In many ways the coverage of the Senate debate on Clarence Thomas was like a political convention in the old days, back when there was still a chance that the roll call vote might yield a surprise.
It has probably been about 40 years since that tally actually did yield a surprise, but, however inevitable the results, there was a certain mesmerizing quality to hearing the speeches for the various nominees, watching the demonstrations, waiting for the poll of the states, hearing officially that the imprimatur of the party had been placed on the nominee.
As with the Senate debate yesterday, you knew that all that rhetoric and hoopla had nothing to do with the decisions on casting ballots that were being made in the back rooms and in the backs of people's minds, but they were part of the essential and compelling political ritual.
Yesterday's full day of Senate debate had that quality. Though it was clear almost from the early morning shows that Clarence Thomas' nomination had survived, the hour after hour of speeches in favor and against had the feeling of the final act of RRTC drama that had grabbed the attention of the nation. Though
you knew the conclusion, you still had to watch it play itself out.
It was, at last, time for the senators to fish or cut bait. Throughout the weekend -- indeed until the fatigue of the wee hours of Monday morning stripped a bit of their pretense -- the members of the Judiciary Committee had leaned heavily on their mannered formalities as they conducted their very public hearing in front of the cameras.
Yesterday, they finally had to decide. Although some still wishy-washed in stating their great respect for both Professor Hill and Judge Thomas, so as not to offend any segment of their constituencies, the senators, for the most part, said whom they believed and why. And after speeches whose rhetoric sometimes soared and sometimes soured, ultimately they voted.
NBC was the only of the three commercial networks to carry the Senate debate during the day. The fact that it has the least popular daytime schedule undoubtedly had something to do with that decision, but it was not necessarily a bad decision from a ratings standpoint.
Consider that on Friday night, the Nielsen national figures show, almost 30 percent of the country was watching the coverage on the two networks carrying it, PBS, CNN or the other cable channels such as C-SPAN and Court TV.
During the day on Friday, the networks attracted a rating of 15 that rose to 20 as the day went on, well above the average 13 daily rating. On Saturday morning the three networks usually attract about a 9 rating, and that's all kids. This past Saturday, they got a 16 rating, almost all adults.
PBS, which provided extensive coverage of the hearings, got some of its highest ratings in history. Though not all of the numbers have made it through the Nielsen computers, overnight ratings from Sunday showed that WNET, PBS' New York station, got a higher rating -- 13.7 --than any other New York station carrying their networks' entertainment programming. KCET, the public station in Los Angeles, recorded the highest ratings for a day in its history with its gavel-to-gavel coverage on Sunday.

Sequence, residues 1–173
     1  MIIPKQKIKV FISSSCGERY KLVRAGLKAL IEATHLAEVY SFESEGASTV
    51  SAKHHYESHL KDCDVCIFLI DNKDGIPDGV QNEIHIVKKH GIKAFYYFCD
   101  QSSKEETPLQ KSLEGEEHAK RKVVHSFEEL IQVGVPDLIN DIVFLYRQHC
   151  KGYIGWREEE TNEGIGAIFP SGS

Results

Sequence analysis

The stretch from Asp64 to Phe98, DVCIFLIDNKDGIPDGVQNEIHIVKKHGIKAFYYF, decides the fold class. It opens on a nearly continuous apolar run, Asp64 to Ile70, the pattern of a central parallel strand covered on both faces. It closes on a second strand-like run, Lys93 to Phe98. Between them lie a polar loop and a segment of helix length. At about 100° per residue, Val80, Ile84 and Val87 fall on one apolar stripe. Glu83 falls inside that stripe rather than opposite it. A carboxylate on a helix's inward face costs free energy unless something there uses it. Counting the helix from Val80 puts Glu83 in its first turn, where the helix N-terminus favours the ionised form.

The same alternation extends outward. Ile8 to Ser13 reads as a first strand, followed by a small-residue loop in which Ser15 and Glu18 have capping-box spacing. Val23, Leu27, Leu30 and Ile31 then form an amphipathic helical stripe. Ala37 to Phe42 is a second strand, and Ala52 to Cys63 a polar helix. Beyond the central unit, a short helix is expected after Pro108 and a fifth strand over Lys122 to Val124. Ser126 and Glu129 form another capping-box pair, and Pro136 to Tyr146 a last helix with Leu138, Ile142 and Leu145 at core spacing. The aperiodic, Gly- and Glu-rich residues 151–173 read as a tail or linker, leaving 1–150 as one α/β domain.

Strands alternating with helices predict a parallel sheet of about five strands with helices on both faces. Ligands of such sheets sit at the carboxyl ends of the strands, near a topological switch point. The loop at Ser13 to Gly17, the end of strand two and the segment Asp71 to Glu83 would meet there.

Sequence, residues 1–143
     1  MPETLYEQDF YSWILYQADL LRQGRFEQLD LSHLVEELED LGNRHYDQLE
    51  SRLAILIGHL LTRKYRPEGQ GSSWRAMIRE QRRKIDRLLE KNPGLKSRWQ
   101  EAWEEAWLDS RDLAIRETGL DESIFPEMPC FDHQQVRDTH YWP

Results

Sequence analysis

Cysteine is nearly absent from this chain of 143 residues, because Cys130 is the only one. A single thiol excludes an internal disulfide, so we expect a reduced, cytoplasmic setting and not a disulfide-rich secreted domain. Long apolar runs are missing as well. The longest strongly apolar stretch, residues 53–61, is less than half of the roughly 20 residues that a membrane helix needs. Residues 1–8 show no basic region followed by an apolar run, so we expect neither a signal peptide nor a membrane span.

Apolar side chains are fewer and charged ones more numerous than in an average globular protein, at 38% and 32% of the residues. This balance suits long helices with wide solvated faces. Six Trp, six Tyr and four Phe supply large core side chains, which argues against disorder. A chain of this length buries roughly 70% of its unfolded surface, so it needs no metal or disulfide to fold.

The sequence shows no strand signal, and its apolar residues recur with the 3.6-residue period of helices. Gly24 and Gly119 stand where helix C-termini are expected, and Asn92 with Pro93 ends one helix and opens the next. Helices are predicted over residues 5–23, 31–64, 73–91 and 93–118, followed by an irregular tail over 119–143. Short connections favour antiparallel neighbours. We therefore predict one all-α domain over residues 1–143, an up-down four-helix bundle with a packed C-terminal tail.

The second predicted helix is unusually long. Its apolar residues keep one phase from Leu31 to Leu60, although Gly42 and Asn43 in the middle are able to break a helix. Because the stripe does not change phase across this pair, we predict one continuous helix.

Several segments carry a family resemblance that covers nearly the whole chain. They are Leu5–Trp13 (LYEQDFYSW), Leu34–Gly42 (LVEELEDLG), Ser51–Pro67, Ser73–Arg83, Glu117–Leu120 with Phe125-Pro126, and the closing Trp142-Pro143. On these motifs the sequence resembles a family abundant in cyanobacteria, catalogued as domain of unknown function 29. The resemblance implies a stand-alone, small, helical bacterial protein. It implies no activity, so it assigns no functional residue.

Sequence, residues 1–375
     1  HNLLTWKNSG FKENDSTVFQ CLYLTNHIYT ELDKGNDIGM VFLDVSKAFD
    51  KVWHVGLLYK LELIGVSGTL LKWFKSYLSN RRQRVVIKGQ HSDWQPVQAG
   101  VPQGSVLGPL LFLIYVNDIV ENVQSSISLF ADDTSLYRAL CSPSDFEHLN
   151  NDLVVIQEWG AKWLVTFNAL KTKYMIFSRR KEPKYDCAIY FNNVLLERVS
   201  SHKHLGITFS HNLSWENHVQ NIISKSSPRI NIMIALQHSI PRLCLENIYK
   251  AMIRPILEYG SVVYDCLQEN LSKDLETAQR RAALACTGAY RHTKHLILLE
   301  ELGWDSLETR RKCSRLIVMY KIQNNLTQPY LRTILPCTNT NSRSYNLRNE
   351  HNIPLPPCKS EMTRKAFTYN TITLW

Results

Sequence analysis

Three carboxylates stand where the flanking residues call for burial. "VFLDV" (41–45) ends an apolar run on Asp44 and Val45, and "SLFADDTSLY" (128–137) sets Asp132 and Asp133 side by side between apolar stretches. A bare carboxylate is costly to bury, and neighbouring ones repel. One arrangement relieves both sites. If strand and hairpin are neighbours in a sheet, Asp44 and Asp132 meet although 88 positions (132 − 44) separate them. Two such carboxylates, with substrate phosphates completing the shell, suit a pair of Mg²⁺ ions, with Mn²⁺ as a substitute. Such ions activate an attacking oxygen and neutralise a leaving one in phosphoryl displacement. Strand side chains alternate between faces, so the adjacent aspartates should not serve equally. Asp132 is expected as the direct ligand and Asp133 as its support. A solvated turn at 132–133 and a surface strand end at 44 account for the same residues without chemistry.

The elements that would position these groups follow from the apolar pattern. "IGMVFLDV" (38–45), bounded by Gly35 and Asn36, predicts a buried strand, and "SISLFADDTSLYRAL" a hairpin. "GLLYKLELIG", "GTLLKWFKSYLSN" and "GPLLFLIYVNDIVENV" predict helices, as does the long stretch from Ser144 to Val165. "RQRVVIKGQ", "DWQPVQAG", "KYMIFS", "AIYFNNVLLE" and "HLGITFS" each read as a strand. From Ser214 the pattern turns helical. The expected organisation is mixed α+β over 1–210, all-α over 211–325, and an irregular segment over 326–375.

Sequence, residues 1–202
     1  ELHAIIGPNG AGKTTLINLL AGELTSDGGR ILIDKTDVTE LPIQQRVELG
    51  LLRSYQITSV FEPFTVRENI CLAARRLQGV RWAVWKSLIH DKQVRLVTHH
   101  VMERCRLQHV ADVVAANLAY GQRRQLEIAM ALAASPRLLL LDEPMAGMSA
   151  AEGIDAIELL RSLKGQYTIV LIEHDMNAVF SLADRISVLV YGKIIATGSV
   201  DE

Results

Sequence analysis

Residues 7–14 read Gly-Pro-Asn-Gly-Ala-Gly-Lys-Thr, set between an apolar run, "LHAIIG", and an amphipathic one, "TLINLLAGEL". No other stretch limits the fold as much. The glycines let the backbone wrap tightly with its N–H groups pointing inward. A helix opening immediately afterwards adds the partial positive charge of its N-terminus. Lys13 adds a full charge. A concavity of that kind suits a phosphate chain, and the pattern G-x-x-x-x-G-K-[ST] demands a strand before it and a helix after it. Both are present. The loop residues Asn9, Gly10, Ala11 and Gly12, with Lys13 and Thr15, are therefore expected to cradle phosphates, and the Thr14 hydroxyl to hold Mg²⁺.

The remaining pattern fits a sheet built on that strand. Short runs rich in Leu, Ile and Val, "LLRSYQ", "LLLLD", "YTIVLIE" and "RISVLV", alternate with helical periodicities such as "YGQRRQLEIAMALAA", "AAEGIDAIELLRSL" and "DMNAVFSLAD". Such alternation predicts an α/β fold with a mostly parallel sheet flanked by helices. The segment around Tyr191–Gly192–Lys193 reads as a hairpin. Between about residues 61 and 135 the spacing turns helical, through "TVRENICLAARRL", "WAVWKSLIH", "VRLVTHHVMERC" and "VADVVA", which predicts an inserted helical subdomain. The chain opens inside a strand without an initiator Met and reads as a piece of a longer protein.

Nationally on Sunday, PBS averaged about a 6 rating Sunday night. David Poltrack, CBS' head of research, calculates that figure will rise to total of about a 10 rating for the hearings when various cable coverage is figured in.
"We think it cost us about 20 percent of our audience for the baseball game," Poltrack said of Sunday night's playoff contest between the Atlanta Braves and the Pittsburgh Pirates, a game that had a 12.7 rating.
"The other prime-time games between these teams had ratings of 14 and 14.5," he said. "With this game on Sunday night and later in the series, it would probably have gotten about a 15 without the hearings."
In New York, the overnight figures showed that the Thomas hearings attracted almost twice as many viewers as did the game.
Despite the strong ratings, local stations in Baltimore made some dubious decisions yesterday. At 4 p.m., as the debate was heading toward its conclusion, Channel 2 (WMAR) broke away from NBC's coverage for "The Oprah Winfrey Show" and then, at 5 o'clock, for its local news. It rejoined NBC for the scheduled 6 p.m. vote.
"We didn't think anything was really happening," Emily Barr, WMAR's programmer, said of the decision. "It was just a bunch of speeches."
Channel 11 (WBAL) did its own coverage of the vote at the top of its 6 p.m. newscast, finally joining its network, CBS, for the vote and then returning to local news. Channel 13 (WJZ) tried to integrate ABC's coverage into its 6 p.m. news program.
Though Maryland Public Television was committed to its educational program in the morning and, thus, its decision to delay joining PBS' coverage until the afternoon was forgivable, the rest of these local moves were not.
By any measure -- ratings, polls, public service -- this was a story that the American people wanted and deserved to see, a tough political and excruciating personal drama played out on our national electronic stage.